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Posted 14 December 2018 - 20:01

It is absolutely not necessary to take all the grades in succession to become a pianist! 

 

The main reason that so many do take every single grade is one of motivation. Most people need goals to aim at in order to work hard, hence regular exams provide this. Especially when teaching children and teenagers, I expect all teachers are familiar with the students who work hard in the final month or two up to an exam, and try as we might to motivate them with attractive repertoire after the exam, they won't start working hard again until the next exam entry has been made . . . fortunately they are not all like that!

 

Hence if you are able to motivate yourself without the need for an impending exam it is possible to do things very differently. If you can just continue to learn a range of repertoire that has nothing to do with exams for the pleasure and achievement of it, you will continue to make progress. Then whenever you and your teacher feel it would be good to get an external assessment and have an extra goal you can then enter for an exam, and if it has been a good while since the last one and you have played a lot of music since, that exam may be two or three grades higher than the last given how much you have moved on as a player. Some of the best students I have taught have worked that way and I see it as a more ideal way of using the exams, but only works for the well motivated!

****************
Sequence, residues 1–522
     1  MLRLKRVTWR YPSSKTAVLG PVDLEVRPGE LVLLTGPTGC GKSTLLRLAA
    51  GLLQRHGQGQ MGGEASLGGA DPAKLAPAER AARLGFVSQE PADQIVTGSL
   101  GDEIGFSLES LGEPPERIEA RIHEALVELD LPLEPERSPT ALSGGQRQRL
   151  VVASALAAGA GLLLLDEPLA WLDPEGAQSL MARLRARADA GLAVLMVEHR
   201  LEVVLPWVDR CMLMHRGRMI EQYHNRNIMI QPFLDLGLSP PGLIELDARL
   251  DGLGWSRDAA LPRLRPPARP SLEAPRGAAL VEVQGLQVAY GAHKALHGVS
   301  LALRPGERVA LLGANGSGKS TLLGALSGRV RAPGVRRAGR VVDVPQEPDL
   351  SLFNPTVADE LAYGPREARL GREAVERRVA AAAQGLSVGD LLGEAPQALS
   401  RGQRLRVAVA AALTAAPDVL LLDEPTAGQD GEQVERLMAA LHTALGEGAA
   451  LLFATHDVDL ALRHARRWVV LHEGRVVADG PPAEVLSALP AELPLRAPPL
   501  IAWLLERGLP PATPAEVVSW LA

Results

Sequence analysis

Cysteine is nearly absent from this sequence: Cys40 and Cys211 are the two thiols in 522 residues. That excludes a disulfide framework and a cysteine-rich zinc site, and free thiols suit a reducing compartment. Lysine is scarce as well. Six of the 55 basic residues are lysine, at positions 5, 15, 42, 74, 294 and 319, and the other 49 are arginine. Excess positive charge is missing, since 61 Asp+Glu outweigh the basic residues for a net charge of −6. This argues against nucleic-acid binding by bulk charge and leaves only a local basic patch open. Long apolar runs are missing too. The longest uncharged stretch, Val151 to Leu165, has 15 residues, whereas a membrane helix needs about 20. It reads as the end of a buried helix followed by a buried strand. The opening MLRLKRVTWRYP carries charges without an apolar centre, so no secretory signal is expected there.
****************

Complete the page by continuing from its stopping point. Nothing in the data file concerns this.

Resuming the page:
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#4 vron

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Posted 14 December 2018 - 21:19